Pan Am
Christina Ricci in Pan AmPan Am must have been an American TV exec’s dream: A stylish period drama to cash-in on the success of Mad Men; Pan Am was known for only hiring beautiful people so the cast had to be glamourous. Add in international travel and a spy storyline and we are ready for take off.

The critics have not been kind. No one is saying it is terrible but no one is calling it a classic — three stars all around. After watching the first two I agreed. It was feeling a bit forced and dressing everyone in the same uniform made it impossible for me to remember who was who.

A hungover Sunday meant I ventured to episode three and it turned out to be a cracker. The spy storyline had tension, there was nice humour around Maggie’s attempts to meet JFK and, taking things down to the basics, Christina Ricci looked amazing in a black poppy-print dress. I also realised I’d started caring for the characters (something I’m finding hard to do in TV drama these days).

So I’ll be sticking with Pan Am. I hope it is worth it.

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Gig lighting

I’ve been going to gigs for many years now and I still go to many in a year. We are told live music is still booming and it is the big money spinner for the industry. I tend to go to gigs in medium sized venues (KOKO, Brixton Academy, Scala). As venues they are well fitted out and the sound is usually great but I went to a gig last week which made me realise more needs to be done on stage.

I do like a band to have personality on stage but that isn’t important as long as the music blows me away (The Horrors do nothing but play, but boy can they play). However seeing Ane Brun at Scala reminded me what can be done with lighting. I’m not going to attempt to describe it here and photos (like this and this) don’t do it justice but it made such a difference to the gig. My best memory is the back of the stage bathed in blue with the two percussionists in shadow through smoke.

At the end of the gig Ane thanked her lighting director along with band so it is obviously something she cares about. I wish more artists did.

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Flickr
Lonely Pudsey (my most popular photo on Flickr)In the past year, how and when I take photos has changed. Before I never used my camera phone and would only take photos with my point-and-shoot when I was on a trip/holiday. Then Instagram came along and, with my iPhone 4, I had a half-decent camera on my phone. The result is my trusty point-and-shoot has been confined the drawer and I’m taking photos all the time.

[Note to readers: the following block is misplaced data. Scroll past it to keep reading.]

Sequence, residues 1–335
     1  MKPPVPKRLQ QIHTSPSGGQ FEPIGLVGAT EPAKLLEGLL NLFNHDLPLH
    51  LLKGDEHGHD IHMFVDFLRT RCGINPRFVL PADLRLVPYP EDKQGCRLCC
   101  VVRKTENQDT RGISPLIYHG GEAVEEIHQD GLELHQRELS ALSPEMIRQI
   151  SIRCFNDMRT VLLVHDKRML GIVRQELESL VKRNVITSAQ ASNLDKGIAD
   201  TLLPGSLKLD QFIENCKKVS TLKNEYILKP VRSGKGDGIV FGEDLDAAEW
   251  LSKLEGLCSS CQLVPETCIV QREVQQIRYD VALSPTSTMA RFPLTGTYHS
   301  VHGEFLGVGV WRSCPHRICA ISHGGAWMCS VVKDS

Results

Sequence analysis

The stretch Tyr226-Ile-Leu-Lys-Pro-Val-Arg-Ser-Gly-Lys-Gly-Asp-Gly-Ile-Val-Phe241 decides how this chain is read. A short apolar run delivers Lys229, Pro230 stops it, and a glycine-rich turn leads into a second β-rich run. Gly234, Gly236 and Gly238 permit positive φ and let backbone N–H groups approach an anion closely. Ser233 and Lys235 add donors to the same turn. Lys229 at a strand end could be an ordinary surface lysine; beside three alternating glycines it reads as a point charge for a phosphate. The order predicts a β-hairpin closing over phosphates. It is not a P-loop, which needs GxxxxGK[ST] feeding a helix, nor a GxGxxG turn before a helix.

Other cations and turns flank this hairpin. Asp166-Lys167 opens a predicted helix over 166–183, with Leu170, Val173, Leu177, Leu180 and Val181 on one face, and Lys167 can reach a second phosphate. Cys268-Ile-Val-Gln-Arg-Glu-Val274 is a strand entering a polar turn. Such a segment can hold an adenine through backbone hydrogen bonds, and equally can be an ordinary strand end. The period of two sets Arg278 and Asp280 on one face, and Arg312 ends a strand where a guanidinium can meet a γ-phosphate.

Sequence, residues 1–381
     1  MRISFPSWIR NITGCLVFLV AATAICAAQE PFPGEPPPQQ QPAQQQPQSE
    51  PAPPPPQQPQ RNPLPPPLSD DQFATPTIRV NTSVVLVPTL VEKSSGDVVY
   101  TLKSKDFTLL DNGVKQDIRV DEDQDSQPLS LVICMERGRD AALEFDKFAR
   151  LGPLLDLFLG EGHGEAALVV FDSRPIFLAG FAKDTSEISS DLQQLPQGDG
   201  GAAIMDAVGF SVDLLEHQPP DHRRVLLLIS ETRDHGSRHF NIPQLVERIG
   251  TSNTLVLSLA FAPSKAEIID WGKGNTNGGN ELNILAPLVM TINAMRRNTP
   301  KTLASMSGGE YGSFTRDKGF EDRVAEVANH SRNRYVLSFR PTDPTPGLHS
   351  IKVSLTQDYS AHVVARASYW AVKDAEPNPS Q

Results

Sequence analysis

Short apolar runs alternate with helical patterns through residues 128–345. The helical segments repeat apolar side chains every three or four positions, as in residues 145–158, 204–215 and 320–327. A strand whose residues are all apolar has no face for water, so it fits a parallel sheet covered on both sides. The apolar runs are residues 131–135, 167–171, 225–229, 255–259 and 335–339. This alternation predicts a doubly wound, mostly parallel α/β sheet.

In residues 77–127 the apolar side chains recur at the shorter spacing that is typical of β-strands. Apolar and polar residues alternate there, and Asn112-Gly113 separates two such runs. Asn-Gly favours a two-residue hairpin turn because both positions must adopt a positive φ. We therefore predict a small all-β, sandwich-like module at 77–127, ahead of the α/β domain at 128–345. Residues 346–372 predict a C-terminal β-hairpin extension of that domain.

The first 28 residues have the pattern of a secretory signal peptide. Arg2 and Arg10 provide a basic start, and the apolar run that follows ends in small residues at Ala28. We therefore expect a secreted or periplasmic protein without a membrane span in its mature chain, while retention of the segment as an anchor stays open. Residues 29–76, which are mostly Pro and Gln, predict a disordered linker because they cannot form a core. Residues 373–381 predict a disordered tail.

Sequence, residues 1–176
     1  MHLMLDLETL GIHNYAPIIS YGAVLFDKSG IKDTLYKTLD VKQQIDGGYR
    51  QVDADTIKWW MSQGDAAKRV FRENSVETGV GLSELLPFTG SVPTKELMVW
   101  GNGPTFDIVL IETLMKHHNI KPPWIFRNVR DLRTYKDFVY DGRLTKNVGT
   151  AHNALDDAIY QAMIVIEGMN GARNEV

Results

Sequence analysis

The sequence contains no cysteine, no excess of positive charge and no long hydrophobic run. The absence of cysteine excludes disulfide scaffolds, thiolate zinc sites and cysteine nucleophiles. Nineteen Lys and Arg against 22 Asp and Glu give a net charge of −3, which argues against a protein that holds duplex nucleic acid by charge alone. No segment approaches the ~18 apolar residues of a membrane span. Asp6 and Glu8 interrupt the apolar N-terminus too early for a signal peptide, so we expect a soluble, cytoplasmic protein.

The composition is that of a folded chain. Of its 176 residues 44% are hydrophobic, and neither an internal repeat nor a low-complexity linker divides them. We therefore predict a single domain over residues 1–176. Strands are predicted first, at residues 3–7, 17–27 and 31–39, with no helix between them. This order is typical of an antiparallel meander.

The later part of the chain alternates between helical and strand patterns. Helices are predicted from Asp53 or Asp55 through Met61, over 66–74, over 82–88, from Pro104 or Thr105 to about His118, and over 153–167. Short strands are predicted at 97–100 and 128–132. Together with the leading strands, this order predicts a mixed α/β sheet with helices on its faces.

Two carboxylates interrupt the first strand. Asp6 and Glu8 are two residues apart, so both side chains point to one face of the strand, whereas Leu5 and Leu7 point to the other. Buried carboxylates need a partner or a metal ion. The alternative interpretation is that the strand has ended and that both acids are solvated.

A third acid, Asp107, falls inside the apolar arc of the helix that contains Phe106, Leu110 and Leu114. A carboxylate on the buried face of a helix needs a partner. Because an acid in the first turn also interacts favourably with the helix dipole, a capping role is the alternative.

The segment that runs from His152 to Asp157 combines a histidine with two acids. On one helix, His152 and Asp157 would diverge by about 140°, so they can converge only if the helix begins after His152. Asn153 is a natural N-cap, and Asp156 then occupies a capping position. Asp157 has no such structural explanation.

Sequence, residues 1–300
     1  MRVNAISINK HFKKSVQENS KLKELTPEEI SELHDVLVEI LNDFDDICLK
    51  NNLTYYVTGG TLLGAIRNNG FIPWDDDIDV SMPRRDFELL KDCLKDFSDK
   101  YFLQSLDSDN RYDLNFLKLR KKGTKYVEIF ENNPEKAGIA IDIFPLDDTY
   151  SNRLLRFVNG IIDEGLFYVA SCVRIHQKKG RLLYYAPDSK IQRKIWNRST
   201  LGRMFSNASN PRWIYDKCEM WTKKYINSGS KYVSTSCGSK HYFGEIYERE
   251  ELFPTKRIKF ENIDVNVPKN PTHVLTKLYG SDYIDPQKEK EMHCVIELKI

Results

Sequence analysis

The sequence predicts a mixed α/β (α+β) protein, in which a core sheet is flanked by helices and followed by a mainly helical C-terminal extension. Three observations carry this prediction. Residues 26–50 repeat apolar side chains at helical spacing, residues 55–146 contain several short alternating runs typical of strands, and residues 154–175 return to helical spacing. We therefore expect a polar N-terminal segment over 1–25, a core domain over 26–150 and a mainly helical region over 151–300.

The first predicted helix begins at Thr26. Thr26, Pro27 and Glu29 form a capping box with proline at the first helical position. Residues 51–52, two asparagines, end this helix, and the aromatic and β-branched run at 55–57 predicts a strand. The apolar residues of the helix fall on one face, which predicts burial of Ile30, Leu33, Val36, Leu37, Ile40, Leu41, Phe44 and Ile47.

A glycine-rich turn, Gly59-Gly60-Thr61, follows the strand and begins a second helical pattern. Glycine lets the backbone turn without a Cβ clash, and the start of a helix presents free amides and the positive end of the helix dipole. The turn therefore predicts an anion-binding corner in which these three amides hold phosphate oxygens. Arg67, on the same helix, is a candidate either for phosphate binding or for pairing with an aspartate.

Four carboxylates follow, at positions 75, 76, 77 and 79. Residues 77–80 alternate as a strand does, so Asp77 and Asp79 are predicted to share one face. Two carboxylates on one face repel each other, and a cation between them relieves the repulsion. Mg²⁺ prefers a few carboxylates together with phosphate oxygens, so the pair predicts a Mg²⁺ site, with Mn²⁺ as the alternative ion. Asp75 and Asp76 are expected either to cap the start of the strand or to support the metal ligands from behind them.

Instagram’s app lets me upload my best photos straight to Flickr but I don’t always use Instagram. There’s still a few photos I like to take (like the view from my hotel room) just using the camera. Problem is I never get around/cannot be bothered uploading these to Flickr.

This leaves me with a quandary about Flickr. I absolutely love to be able to look back over old photos on the site. Most importantly it means my photos don’t get abandoned on a hard drive. But looking at Flickr yesterday I realised I haven’t created a new set since May – and it is these sets I look back over. All my photos since then are in an uncollected mess.

Then there’s the $25 I pay for Flickr each year. Admittedly it isn’t much money. But I’m not a ‘power’ user. If you compare what you get for $25 on other online services I’m not getting value. Yet I’m locked into Flickr because if I stop paying I lose access to my archive.

I’m not going to quit Flickr anytime soon but I would like it to do something – anything — to adapt to my new way of taking photos. Selfish I know.

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